As a final note to those of you reading this debate, let me say that I have nothing personally against Bart Cooper. He is honest, intelligent, and a good business man employing about 20 agents himself. More over I consider him a friend, but I most definitely disagree with his proposed legislation and will fight it tooth and toe nail.

  10. Mr. Cooper,

    Trying to follow your line of thinking...

    If we were to require a GA to issue a CD of 50 thousand dollars to satisfy unsatisfied forfitures...

    I know that GA's have way more than 50 thousand dollars in liability. Why not require 1 million dollar CD's or better yet require GA's to hold CD's in excess of their liability. OR, limit a GA's liability to what ever their CD is. I assume tht you can see thr futility of this.

    I agree that the business is being innundated with agents. Competition is not a bad thing in business. It requires an agent to be frugal and make concessions due to the available competition. However requiring a GA to hold a CD of 5 thousand dollars puts that squarely on the shoulders of the new agent. I am also a journeyman electrician. If I would have had to pay for my apprentaceship I would still be working as a security officer at an apartment complex. The contractors were required to pay for the school. If the student didn't perform properly they were either fired or laid off. If a GA properly monitors their agent and not allows an agent to perform poorly by writing discount bonds or credit bonds the industry would level itself.

    I believe that Mr Cooper has good intentions with this bill, I see a better way than eliminating a persons ability to enter teh bail bond industry.

    Mr. Thomas's idea of eliminating credit bonds and eliminating discount bonds is a better place to start. And I agree that legislation should be in place to enforce that. However the only thing that Mr. Cooper's proposal will accomplish will be to eliminate the "little guy" from the opprotunity to work in the bail bonds industry.

  11. A system that fixes the prices a company can charge and requires a company to collect a set amount of money prior to peforming a service IS a system that restricts competition. Price controls are certainly not a concept upon which our economic system was founded. Nor are they workable and enforceable in an industry like ours which see thousands of transactions throughout the state on a daily basis.

  12. To Raise or Not to Raise.

    While reading my favorite (and only) statewide industry blog, I had the sudden sense of “Groundhog Day”. Another bill that’s supposed to save us from ourselves. Once again I see that since there is no recognized industry representation (don’t worry I won’t use the A word), the brain child of one person can actually become law.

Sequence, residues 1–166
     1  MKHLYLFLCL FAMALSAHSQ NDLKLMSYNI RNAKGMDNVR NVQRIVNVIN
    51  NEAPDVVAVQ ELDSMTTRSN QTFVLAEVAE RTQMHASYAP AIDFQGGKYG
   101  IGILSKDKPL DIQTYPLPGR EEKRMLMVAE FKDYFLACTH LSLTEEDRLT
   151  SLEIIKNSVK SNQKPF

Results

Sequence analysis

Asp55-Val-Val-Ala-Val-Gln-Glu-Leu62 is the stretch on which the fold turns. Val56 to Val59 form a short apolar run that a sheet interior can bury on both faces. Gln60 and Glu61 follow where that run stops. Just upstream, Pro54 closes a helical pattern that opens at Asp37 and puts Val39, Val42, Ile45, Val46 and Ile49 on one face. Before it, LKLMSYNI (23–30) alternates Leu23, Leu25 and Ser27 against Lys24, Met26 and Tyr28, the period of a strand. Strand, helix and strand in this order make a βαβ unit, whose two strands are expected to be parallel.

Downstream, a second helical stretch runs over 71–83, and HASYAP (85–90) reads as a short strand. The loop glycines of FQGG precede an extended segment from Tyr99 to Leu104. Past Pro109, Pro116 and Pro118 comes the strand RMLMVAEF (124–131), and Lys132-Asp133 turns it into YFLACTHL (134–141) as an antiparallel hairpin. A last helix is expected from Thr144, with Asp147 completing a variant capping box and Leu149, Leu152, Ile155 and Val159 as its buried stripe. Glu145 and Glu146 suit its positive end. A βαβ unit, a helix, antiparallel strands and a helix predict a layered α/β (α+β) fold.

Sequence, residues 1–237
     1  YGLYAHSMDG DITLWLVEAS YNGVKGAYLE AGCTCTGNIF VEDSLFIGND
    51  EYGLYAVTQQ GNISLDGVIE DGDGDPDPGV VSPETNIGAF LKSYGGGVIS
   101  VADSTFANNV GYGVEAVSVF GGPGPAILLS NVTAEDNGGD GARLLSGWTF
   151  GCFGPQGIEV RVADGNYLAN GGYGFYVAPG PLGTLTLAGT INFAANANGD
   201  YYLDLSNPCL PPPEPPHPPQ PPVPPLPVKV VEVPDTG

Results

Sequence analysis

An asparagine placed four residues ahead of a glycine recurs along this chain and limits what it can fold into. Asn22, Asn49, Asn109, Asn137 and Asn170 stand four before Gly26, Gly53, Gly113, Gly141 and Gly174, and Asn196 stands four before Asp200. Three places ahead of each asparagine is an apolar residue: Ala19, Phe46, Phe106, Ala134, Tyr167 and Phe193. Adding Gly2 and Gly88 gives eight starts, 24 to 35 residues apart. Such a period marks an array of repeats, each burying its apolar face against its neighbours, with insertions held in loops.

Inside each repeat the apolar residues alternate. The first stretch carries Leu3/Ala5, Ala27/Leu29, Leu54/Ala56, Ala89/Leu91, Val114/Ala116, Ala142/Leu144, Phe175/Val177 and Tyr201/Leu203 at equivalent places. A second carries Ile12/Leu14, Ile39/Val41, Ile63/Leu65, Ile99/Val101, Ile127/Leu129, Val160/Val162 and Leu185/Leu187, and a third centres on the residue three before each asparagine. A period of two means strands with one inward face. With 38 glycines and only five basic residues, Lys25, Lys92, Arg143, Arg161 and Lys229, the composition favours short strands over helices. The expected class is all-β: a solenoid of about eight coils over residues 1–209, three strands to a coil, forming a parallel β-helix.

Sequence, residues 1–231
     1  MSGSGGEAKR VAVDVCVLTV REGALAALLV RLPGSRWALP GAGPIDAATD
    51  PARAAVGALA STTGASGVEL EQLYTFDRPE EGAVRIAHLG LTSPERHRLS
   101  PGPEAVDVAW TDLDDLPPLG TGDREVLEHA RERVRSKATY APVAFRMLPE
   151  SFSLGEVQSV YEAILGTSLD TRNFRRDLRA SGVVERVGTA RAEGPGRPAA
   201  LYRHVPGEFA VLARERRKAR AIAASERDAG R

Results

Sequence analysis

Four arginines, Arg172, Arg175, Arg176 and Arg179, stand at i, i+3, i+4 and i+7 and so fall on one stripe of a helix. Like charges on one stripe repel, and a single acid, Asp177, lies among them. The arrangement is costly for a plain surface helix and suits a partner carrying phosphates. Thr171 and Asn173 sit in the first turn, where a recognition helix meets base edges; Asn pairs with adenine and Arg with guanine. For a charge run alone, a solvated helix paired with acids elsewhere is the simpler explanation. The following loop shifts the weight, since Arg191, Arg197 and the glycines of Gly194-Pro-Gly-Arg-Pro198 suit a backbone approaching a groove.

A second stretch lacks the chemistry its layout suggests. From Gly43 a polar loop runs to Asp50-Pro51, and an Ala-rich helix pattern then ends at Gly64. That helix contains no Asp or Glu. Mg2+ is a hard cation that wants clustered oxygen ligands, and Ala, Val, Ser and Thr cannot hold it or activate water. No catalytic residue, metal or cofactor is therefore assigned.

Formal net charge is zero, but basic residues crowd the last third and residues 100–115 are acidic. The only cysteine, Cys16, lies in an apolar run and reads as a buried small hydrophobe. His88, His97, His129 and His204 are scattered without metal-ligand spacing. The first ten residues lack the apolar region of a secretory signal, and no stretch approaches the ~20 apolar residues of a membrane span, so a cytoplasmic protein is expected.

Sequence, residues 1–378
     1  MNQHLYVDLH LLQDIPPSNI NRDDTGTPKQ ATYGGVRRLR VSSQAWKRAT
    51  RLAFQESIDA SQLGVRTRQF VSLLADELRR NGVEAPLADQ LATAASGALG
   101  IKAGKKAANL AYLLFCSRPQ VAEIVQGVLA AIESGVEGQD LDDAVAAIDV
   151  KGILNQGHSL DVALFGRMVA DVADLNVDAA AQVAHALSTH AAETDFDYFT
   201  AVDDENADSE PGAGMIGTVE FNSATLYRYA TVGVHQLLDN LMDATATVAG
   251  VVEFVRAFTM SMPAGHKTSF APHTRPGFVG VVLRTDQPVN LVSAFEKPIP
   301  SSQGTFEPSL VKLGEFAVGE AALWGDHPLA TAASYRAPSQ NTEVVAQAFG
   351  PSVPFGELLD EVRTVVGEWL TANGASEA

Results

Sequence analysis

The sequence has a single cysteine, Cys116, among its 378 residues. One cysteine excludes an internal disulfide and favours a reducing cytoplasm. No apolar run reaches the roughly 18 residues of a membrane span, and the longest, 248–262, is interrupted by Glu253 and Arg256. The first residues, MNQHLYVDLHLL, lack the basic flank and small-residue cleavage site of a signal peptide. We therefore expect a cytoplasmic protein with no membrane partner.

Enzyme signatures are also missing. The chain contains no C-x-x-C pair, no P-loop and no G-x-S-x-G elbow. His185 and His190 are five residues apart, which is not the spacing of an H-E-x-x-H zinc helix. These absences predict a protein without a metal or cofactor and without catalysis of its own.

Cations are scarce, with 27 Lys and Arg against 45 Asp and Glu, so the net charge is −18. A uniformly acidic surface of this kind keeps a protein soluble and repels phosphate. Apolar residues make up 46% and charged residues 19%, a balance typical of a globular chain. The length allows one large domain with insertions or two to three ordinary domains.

Don’t blame Bart, blame yourselves (myself included). Despite the fact that I disagree with virtually the entire bill, you must blame yourselves for not organizing. Blame yourselves for not seeing the disorganization (neither industry representation organization has a platform, you know a couple basic things you promise the mine workers).

    In my opinion, this bill like the last five bills before this one does nothing to facilitate the day to day operations or long term aspirations of a bonding company.

    The quality or solvency of a bail bond company does not increase because a general agent was licensed before August 28th 2009.

    If the industry feels that $10,000 is not enough equity to file with the state for a general bail license, that’s fine.

    Let’s raise the CD $50,000.

    What will never pass in Jefferson City is a bill complete with “Grandfather Clauses” that by the letter of the law retards the growth of employment in Missouri and limits entry of young professionals into our industry.

    At least without a few politicians being unseated during the next election and unneeded statewide media scrutiny.

    On behalf of my company, I have submitted my concerns to the appropriate State legislators and have made the following recommendations:

    A. Increase general agent’s CD requirement to $25,000.

    Regardless to how well you write a bail bond or conduct fugitive recovery, if you can’t cover the amount of two modest felony bonds, you should not be a general agent. Especially if you are employing bail agents.

    B. Require bail agent to post a CD in the amount of $2,500 within the first calendar year of receiving bail agent license.

    CD will attach to bail agent’s license and will transfer with bail agent. The one year time frame will give new agents approved for hire by general agent a opportunity to be financially responsible for state CD assignment and elevates the issues that will arise from current bill in regards to bail agents transferring companies. $2500 averages out to a $200 a month commitment from the new agent.

    C. Repeal Lee Clause

    No explanation necessary. This has to happen to garner the respect and trust we need from the courts, correctional facilities and law enforcement.

    D. Require $50,000 CD assignment for all General Agents during first two years as a general agent.